It’s time to re-think your assessment strategy. Even the most assessment-savvy agencies are losing precious minutes on non-essential assessment questions, and saving your team that extra five or more minutes is easier than you think.
Risk level and supervision level don’t match up on a clean 1:1 basis, and it’s up to supervision professionals to understand the nuances of each to make appropriate supervision decisions.
Treatment courts are the single most successful intervention in our nation’s history for leading people living with substance use and mental health disorders out of the justice system and into lives of recovery and stability.
Four Ways to Prioritize Your Team’s Mental Health Right Now GalleryAll, Attorney, Attorney Case Management, Blog, Classification Management, Court, Court Case Management, Custody, Integration & Data Sharing, Supervision, Technology Solutions
As you’re working to reopen, reschedule, or ramp up operations, here are a few ways you can help your team stay healthy and do their best work.
When it comes to pretrial reform, every jurisdiction in every state is facing different challenges, but one truth is universal: Success takes cooperation.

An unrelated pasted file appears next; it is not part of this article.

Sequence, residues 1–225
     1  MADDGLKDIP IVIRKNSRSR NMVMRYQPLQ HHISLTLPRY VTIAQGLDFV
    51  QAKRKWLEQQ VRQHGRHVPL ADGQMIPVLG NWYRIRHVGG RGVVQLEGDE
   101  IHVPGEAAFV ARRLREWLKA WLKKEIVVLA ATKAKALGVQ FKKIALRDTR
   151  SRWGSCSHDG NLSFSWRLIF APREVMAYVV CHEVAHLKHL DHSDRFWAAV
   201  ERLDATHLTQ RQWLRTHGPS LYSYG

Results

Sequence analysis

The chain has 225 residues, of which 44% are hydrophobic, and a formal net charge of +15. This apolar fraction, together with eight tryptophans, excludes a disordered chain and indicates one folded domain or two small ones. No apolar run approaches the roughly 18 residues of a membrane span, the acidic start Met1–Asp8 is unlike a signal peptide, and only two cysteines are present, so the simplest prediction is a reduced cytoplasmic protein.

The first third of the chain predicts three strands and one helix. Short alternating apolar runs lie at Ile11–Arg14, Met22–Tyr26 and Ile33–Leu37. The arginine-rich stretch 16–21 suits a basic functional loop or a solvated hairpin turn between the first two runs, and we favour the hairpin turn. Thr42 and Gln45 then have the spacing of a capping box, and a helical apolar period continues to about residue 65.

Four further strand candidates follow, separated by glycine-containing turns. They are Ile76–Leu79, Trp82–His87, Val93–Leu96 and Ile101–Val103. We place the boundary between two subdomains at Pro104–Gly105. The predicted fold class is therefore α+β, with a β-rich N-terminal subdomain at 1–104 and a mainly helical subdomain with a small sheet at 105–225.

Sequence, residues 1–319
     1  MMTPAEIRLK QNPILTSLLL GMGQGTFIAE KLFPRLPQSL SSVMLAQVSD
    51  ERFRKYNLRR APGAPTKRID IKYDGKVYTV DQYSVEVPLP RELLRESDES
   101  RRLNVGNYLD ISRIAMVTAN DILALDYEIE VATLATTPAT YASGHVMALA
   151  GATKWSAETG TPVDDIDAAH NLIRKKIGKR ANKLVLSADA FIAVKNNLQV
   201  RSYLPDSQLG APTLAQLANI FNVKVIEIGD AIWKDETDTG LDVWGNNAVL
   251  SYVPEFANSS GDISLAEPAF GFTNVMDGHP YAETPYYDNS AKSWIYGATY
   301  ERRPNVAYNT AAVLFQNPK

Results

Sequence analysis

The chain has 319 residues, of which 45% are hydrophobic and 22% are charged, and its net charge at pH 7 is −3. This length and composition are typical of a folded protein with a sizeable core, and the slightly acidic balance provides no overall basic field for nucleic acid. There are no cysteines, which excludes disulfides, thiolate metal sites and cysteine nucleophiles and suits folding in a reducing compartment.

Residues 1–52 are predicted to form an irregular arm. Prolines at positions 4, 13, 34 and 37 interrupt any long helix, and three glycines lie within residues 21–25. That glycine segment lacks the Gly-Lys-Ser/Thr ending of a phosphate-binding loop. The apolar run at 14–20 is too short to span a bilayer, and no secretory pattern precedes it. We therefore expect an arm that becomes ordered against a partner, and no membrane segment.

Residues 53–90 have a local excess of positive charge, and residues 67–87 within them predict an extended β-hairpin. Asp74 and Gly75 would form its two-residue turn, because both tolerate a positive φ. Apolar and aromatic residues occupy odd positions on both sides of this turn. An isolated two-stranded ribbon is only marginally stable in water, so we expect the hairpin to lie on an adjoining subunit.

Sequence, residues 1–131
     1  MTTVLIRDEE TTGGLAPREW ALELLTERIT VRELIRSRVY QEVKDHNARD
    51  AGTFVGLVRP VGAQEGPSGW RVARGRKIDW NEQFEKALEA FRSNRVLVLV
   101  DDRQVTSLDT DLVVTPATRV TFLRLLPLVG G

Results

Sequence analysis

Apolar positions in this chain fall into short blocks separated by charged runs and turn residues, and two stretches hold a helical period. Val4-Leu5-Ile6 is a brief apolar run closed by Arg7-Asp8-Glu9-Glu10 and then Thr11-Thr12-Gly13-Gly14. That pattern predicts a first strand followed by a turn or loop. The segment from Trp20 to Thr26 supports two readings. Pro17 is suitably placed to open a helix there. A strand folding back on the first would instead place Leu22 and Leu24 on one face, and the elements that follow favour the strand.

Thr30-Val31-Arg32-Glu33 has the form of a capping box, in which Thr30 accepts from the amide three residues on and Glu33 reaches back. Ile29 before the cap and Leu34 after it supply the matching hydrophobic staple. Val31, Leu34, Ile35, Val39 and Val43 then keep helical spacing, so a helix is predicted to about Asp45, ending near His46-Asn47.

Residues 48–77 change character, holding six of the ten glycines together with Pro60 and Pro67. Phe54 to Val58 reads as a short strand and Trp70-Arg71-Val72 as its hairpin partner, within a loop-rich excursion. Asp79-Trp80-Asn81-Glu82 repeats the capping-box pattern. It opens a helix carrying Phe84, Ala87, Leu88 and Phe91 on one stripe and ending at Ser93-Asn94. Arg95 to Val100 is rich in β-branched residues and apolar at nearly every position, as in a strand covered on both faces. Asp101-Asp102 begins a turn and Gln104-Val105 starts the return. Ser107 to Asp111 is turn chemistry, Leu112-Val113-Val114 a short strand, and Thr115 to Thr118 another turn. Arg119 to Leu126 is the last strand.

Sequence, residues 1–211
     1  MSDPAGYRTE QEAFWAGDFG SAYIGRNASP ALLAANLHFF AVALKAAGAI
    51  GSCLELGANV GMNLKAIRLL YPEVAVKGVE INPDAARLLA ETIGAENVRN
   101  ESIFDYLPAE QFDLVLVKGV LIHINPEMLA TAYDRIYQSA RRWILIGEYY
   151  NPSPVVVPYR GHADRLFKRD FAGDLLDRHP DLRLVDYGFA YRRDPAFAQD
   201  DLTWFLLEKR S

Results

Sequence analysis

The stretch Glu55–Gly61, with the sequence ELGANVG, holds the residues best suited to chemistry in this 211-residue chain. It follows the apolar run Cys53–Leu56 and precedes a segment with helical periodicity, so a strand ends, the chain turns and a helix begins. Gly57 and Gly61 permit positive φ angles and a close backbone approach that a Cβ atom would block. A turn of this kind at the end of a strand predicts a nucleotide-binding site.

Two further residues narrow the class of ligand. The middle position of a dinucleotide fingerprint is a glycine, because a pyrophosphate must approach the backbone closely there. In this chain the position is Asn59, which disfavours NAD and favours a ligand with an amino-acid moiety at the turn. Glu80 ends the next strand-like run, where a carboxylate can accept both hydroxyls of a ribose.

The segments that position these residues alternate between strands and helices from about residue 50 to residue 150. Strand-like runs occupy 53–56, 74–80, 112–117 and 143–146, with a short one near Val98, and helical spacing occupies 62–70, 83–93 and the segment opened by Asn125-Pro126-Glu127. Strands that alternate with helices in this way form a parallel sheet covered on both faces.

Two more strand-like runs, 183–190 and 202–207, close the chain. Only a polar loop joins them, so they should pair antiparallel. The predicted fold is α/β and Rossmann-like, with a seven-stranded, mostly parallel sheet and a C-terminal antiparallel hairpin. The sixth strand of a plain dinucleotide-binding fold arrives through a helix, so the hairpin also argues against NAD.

There are two critical parts of this process, either of which can make or break the accuracy of your assessment results: the assessment itself, and the way your team uses it.
Over the past three decades, we’ve seen hundreds of different takes on discharge/release/reentry planning, and we’ve learned that success really comes down to a few key factors.
Even if the assessment tool you’re using has been validated on other populations in other jurisdictions, you don’t know if the tool is really working for YOUR population in YOUR jurisdiction unless you validate it using local data.
Customers asked questions that shed light on the current state of corrections and the trends that are starting to trickle down to agencies of all sizes. Check out our Top 3.
The Big 4 criminogenic needs are not only the key to reducing recidivism, they’re also among the most difficult factors to change in a person.